No, you're not suffering from déjà vu; this article originally appeared on the site in August this year, and we're republishing it as part of our 'Best of 2018' series which celebrates what we feel were our finest features of the past twelve months. Enjoy!
Kenichiro Tsukuda knows his giant robots. As well as producing the best of the Armored Core series at FromSoftware during the PlayStation 2 era, he's an influential voice with regard to mech games and the lore that surrounds them. It's the reason you'll find his name under the 'special thanks' section of the credits in games like Assault Gunners; a title that this year came to Switch with an HD polish.
The genre he champions, however, has in the past struggled to find a meaningful foothold with a mainstream gaming audience in the west. Mech games have been variously complex and clunky, serving up niche-interest gameplay mechanics. Equally, they been stifled as Japan-only releases, or required hulking controllers like the infamous dual-stick devices for Steel Battalion and Virtual On. Even when Metal Gear visionary Hideo Kojima turned his attention to the genre with the Zone of the Enders series, despite generally positive reviews, hype around the genre faded in the west as quickly as it was established.
Tsukuda is out to change that. With Switch exclusive Daemon X Machina he is devoted to rejuvenating interest in a gaming form that – while long-beloved – has never been anything like as mainstream as the likes of FPSes and action-adventure titles. Nintendo Life caught up with him at Gamescom to better understand what the game is - and whom it is for.
Nintendo Life: You could argue that the mech action genre is relatively constrained by design conventions. There's a lot of expectation about what these games have to deliver. How do you meet that, while also finding room for innovation, fresh ideas and even your own creative freedom?
Kenichiro Tsukuda: It's something I really work hard on. As a key point, I don't think of making a game as some kind of strange magic. Everything about Daemon X Machina – whether it's the weapons, or whether it's the environment in the game – has to have its own internal logic. All those things have to make sense in how they work together. When you get that internal logic right, and it works, and it's consistent, you're already on the right path to giving a satisfying experience for the player. You have to get that foundation right; the foundation of what a mech game is. Then you can add new elements and more elements on top of it. That's where we can innovate and try new ideas that make the game exciting for players.
So a feature of this game, is that when you're playing during the missions, when you defeat enemy mechs you can actually take their weapons and equip them. You can even take the arms – not just the weapons, but the body parts of the mech. You can incorporate them into your mech. So to follow on from my previous point about the internal logic of the game, That allows us to innovate in this way; to let the player take weapons and arms and parts. It was partly inspired by thinking about 3D printing. In a real-world 3D printer you take a material and put it in, and using an existing model, a 3D object comes out the end. The mechs in this game are kind of doing that. When the mechs create a new part from what they have found, they are using a resource: a material available to them in the atmosphere, and 3D printing new parts for themselves. So we've been able to innovate with ideas like that.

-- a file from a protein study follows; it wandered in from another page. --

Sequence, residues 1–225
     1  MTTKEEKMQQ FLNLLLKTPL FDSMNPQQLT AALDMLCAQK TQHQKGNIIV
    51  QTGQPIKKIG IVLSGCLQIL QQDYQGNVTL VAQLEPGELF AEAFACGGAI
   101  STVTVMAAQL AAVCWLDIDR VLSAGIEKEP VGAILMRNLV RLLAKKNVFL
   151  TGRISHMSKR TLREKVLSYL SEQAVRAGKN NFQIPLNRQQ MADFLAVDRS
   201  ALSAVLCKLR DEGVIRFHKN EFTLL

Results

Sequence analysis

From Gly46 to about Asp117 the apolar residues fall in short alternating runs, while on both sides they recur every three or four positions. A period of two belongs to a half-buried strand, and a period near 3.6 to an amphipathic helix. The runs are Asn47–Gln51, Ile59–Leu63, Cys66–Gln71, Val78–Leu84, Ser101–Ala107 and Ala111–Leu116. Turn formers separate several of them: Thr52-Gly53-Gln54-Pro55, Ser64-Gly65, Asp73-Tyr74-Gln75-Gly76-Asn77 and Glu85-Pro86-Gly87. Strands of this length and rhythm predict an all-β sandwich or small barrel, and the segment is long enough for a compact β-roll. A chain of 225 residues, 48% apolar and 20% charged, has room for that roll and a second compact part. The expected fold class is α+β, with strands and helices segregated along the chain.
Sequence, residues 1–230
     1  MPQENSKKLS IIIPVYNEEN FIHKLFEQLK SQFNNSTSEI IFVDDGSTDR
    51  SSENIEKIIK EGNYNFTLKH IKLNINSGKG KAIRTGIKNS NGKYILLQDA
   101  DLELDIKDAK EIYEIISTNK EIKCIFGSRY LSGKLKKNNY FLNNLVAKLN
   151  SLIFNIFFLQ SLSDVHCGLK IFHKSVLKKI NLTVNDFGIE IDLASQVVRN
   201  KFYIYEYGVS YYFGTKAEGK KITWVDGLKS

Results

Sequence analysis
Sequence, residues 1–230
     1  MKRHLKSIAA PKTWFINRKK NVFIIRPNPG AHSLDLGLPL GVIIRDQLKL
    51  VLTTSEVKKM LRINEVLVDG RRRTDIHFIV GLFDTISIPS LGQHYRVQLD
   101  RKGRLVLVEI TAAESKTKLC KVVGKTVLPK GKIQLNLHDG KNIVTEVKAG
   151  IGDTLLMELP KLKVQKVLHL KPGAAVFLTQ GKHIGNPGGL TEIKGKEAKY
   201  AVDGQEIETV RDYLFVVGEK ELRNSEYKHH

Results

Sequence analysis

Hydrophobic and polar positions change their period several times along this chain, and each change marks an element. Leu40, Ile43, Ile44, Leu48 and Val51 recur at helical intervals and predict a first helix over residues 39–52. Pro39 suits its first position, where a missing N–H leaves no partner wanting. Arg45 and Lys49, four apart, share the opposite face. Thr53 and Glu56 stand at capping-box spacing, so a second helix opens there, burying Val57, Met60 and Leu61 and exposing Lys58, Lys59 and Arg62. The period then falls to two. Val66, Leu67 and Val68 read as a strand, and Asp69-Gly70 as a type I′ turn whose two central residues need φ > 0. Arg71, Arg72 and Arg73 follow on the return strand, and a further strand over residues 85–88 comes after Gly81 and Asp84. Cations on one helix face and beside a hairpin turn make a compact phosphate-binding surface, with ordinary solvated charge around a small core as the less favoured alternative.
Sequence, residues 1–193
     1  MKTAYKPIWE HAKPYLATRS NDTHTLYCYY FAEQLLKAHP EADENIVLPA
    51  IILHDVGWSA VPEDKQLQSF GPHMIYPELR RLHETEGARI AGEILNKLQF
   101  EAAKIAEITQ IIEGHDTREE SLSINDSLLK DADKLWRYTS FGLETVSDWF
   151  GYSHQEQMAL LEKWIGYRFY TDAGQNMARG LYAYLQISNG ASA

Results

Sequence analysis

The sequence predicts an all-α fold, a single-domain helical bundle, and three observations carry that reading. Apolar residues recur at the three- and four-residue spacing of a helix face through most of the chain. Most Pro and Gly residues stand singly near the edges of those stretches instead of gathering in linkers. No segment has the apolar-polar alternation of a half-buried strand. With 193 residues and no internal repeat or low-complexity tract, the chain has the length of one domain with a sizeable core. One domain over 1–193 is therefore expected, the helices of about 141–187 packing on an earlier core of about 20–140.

And what kind of player do you see this game as being for? Is it a game for a hardcore action game player, or a more casually interested player? Perhaps you don't even think about designing for a certain player, and just develop the game to your own creative vision?
To answer the first part of the question, about who Daemon X Machina is aimed at, we're definitely thinking about a broader audience, rather than just core mech game fans. The mech genre, obviously, has its fan base, and we think that's great. We hope Daemon X Machina will appeal to those hardcore fans as well, but we want to make it broader. Part of how we've tried to do that is by thinking about the importance of the player's humanoid avatar in the game. You can create your own avatar in the game: male or female. And that kind of represents the player in the game world. But more than that, in some missions you play as that character. You're not actually always inside the mech. There are action parts of the game where you're controlling the character. You can also upgrade the character himself or herself, and give the avatar extra skills and abilities, so there's a bit of depth to that aspect. What's more, the upgrades and abilities you give to your character actually transfer across to the mechs when you get in.
So emphasising the human and personal element a little – you hope – will appeal to fans beyond the hardcore mech action game fan?
Absolutely. There's this sense that it's not just your mech that gets bigger and more powerful as you go through the game. You yourself as a player do. That sense of growth and improvement, and expressing that in the game – I think we've managed to capture that quite well. The player's avatar is growing in power with the mech.
And to answer the second part of your question about how I approach designing a game for an audience in the first place, I would say that at the start of the process, I do think about who will be the core target audience for this game. I do consider that. So I start from there; thinking about who will be the core target audience. But obviously, I want my games to be loved by as many different people as possible. Once you've got the core target audience that you start off with, you do kind of expand outwards from that. You know, you add other elements that might appeal to other people as well. I think about it like food. Mech combat is the main ingredient. Other elements are the seasoning you add to the main dish, in a way. The flavours help the main dish appeal to more people.